Little Big Horn
'The Custer Fightʼ by Charles Marion Russell

The following is a brief summary of the complex events leading up to the battle of The Little Bighorn, the battle, and its aftermath.

The Treaty of Fort Laramie in 1868 created a reservation consisting of that portion of the present state of South Dakota lying west of the Missouri River; the section of current-day eastern Wyoming east of the Bighorn Mountains and north of the North Platte River; as well as lands in Nebraska north of the Platte River were designated as unceded Indian territory. Its conservation did not last long. Gradual withdrawal of United States protection and the disappearance of game provoked disturbances with tribes in the area.

The survey of the Northern Pacific Railroad route west from Bismarck, Dakota Territory, aroused further hostility in 1872. General Philip H. Sheridan, in command of the Army’s Department of the Missouri, determined to ease the conflict by establishing a fort in the reservation near the Black Hills. He visited Fort Laramie late in 1873, but found Indians there so opposed to the plan that he gave it up in favor of Fort Abraham Lincoln, Dakota Territory as the permanent base for regional operations. He ordered General Terry to send an expedition led by Lt. Colonel George A. Custer to do a general reconnaissance of the Black Hills, a move in direct violation of the 1868 treaty.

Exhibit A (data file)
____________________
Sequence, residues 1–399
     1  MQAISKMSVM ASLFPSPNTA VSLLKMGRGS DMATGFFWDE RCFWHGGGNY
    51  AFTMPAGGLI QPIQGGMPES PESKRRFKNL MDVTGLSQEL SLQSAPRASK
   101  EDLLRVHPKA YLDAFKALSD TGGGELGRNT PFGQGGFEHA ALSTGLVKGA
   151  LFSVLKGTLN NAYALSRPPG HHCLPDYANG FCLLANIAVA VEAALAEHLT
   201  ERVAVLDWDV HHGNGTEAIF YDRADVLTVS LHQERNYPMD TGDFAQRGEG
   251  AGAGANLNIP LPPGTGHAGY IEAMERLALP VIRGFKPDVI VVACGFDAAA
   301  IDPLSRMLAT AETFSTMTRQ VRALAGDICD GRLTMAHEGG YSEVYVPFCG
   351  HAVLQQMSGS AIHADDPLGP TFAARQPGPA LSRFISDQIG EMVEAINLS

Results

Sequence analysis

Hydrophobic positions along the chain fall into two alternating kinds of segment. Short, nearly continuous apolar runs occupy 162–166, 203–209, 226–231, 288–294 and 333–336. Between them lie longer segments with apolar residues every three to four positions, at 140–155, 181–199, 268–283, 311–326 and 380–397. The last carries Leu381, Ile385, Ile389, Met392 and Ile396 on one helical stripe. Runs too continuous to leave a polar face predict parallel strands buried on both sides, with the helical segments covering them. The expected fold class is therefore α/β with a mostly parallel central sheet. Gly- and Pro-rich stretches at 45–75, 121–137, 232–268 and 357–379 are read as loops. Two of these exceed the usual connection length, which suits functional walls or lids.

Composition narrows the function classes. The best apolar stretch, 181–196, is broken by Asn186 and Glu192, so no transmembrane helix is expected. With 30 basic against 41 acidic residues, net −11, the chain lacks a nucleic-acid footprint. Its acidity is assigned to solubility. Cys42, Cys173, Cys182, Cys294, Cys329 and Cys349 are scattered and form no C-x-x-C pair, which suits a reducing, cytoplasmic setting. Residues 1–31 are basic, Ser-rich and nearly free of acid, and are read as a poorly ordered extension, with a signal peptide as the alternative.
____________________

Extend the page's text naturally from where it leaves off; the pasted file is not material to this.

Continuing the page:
Sitting Bull by D F Barry ca 1883 original cabinet card

Custer’s report of a gold discovery in the summer of 1874 brought many gold seekers to the Black Hills. This illegal settlement was checked by orders from General Sheridan to General Terry in order to prevent settlers from entering Indian lands.

In March 1875, Professor Walter P. Jenney conducted an independent geological reconnaissance of the Black Hills under the protection of Lieutenant R.I. Dodge with a guard of four hundred men, and confirmed the presence of gold. A commission was appointed to meet with the tribes to gain possession of these lands, but long and patient negotiation resulted in failure. Prospectors were now pouring into the Black Hills, and by March 1876, eleven thousand white men had gathered in Custer City. The tribes believed that the only way by which they could preserve their rights was to make war.

At this time Crazy Horse, American Horse, Gall, and Sitting Bull were encamped along the Powder River. Red Cloud and Spotted Tail remained at their agencies, but their warriors gradually slipped away, presumably on buffalo hunting expeditions, which they had a perfect right to do under their treaty. In December the agents were instructed by the Commissioner of Indian Affairs to send messengers to all the Indians, asking for their return by the end of January. If they failed to obey, they were to be treated as hostiles.